INTERVIEW EXCERPTS:
Dr. Nizam Peerwani


Excerpts from FRONTLINE interview with Dr. Nizam Peerwani, Chief Medical Examiner for the Tarrant County Medical Examiner's District, in Northcentral Texas. Interview conducted August 1, 1995. (As of November 1995, Dr. Nizam Peerwani was still chief Tarrant County medical examiner.)

Q: In your analysis of cause of death, what did you find?

A: We had a total of 33 bodies from within the bunker. There were 25 children, and the remaining were adults, mostly women, I remember there was one or two adults -- young adults, males, there. Most of them had died as a result of smoke inhalation or suffocation. And a couple of them had died as a result of blunt trauma due to collapsing debris. There was this young Jane Doe who had a fractured neck, a cervical fracture. She probably died quickly as a result of that. But there were at least three kids who had been shot to death. And one was stabbed to death. The remaining, of course, died of suffocation or smoke inhalation.

Q: Were you able to determine how many, if any of them, died prior to the fire?

A: We did discover the presence of carbon monoxide as well as evidence of inhalation in at least 50 of the victims throughout the compound. Now, remember there were some 75 bodies left in the compound, that died as a result of the 19th of April disaster. Of these, there were 50 we could document presence of carbon monoxide as well as some evidence of smoke inhalation. So we're pretty sure they were alive when the fire broke out.
The remaining 25, because of state of decomposition, or perhaps because they were wearing face masks or perhaps because of the location in the bunker, we did not detect or see any smoke or any carbon monoxide present. We couldn't say with absolute certainty that all of them had perished -- perished as a result of fire. But you can say that some had died of suffocation, at least nine. There was one particular case that we didn't know why the person died. We left the cause as undetermined.

Q: Can you describe what must have happened to the women and children that you found there? Can you reconstruct their last moments from what you found there?

A: There has been a lot of speculation if this is a mass suicide or not. And -- Did they all go there to die? Ah, we don't really think do. What I feel personally is that they tried to escape. A bunker was perhaps the safest area in the compound.

Q: There were a number of adult males that you determined died of gunshot wounds. Could you describe those bodies, where they were found and the cause of death?

A: David Koresh and Schneider were lying next to each other in their little room, which we call the communication room. And David Koresh had a single gunshot wound up his forehead. A high velocity gunshot. When the bullet entered his forehead and exited at the back of the head. Schneider was shot once in the mouth -- the bullet entered the upper palate and also had -- exited in the back -- also had a high velocity gunshot wound. The question is: Did David Koresh shoot himself and Schneider shoot himself? Or did Schneider shoot David Koresh and then turn around and shoot himself? Certainly both are possible. We cannot be certain as to what really transpired.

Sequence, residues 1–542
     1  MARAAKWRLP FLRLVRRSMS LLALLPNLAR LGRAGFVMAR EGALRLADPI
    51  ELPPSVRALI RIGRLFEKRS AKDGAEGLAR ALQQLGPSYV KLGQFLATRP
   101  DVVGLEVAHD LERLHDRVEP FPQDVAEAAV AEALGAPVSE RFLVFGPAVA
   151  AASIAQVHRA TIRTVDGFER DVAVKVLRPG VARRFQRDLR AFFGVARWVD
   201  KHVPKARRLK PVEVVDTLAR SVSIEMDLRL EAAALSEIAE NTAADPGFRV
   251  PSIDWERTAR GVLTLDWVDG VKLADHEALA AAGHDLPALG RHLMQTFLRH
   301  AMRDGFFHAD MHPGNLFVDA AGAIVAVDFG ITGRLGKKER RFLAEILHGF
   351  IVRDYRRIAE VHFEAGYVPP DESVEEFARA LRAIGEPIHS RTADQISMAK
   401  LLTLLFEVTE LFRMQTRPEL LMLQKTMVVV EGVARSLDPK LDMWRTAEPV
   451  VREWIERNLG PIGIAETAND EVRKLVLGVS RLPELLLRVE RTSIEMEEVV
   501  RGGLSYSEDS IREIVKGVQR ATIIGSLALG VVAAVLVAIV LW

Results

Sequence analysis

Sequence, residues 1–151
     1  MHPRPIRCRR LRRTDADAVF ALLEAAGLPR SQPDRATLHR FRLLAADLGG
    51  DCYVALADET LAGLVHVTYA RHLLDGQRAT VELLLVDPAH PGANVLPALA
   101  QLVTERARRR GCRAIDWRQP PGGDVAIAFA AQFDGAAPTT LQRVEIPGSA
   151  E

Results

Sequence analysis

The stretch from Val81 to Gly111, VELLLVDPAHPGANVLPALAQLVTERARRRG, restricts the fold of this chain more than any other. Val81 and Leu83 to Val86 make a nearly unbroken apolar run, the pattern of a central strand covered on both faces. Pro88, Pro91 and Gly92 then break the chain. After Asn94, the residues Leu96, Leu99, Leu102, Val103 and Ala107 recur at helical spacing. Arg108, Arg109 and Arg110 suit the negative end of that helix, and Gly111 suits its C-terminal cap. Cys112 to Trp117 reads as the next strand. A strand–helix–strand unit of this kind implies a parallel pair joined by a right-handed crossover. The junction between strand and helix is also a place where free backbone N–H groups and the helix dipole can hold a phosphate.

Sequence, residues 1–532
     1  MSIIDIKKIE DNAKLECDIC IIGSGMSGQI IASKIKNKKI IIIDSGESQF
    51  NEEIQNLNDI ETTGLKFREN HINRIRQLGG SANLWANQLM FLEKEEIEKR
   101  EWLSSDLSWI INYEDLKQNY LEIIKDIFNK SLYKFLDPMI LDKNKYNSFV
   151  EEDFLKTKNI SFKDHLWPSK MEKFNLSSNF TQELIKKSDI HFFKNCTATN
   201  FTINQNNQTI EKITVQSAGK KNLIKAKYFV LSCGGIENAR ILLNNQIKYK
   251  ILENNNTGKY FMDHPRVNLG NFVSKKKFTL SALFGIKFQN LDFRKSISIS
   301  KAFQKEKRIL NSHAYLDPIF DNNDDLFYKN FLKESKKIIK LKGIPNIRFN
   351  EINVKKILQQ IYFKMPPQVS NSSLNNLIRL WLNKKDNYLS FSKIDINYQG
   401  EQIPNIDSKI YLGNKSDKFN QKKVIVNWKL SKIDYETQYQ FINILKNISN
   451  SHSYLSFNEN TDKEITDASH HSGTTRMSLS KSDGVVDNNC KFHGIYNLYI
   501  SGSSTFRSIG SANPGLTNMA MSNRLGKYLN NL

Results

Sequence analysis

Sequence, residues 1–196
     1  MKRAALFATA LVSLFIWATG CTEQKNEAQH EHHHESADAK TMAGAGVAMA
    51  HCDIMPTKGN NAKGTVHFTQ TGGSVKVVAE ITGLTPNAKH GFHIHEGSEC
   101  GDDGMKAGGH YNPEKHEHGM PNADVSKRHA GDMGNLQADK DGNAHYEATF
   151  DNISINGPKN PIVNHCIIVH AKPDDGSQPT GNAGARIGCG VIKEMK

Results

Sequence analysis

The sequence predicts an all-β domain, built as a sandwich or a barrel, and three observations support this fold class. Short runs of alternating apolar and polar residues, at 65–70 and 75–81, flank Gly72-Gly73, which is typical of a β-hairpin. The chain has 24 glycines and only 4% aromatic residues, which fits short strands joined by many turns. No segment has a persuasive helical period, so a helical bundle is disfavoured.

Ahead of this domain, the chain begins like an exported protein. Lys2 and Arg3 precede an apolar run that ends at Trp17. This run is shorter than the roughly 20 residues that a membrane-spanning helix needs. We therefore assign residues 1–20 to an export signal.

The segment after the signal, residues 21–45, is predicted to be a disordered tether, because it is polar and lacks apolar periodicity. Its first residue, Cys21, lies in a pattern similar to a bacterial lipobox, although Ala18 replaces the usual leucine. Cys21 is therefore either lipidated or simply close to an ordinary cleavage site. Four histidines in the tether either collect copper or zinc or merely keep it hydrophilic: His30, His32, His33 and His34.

Q: Can you talk about the possible residue from the gas attacks? Was there any that you found in these victims?

A: No. We looked for the gas there. The gas that was used was CS gas--it's really a tear gas. It's generally used for crowd dispersal. We looked for the parent compound in all the victims that we had tissues and blood to examine. We also looked for the metabolite of the drug. Specifically, the o-chlorobenzaldehyde and malononitrile, which had two byproducts of the CS gas. And we didn't detect any in any of the cases.
There's no doubt there was exposure. But we also know that the CS gas has an extremely short confine, five to ten minutes. It is rapidly eliminated from the body. There were some bodies where we had no specimens to analyze.

Q: Was there any residue from the propellant used in the launching of the ferret rounds--any sort of combination of chemicals or residue?

A: No. We did a rather comprehensive drug analysis and separate cyanate studies. Cyanate, of course, is a toxic gas but usually as a result of fire also. We did pick up a small amount of cyanide in the bodies of some of the victims. In fact 40 of them had cyanide. But every living person has cyanide. Some of them had slightly higher amount of cyanide. Fire of course produces a lot of cyanide. Especially if there are plastics. And we did what is called a mass spectrometry screening for anything and everything that's possible within a certain range of spectrum. And we picked up nothing extraneous. So I can tell you that we didn't detect any propellants or any of the CS gas in the bodies.

Q: You did pick up cyanide though on 40 victims?

A: Yes.

Q: And there's no way to tell if in fact the cyanide that was produced in the process of gassing had any role in the deaths of the victims?

A: Let's put it this way. We did not attribute CS gas as a cause of death in any of those cases.

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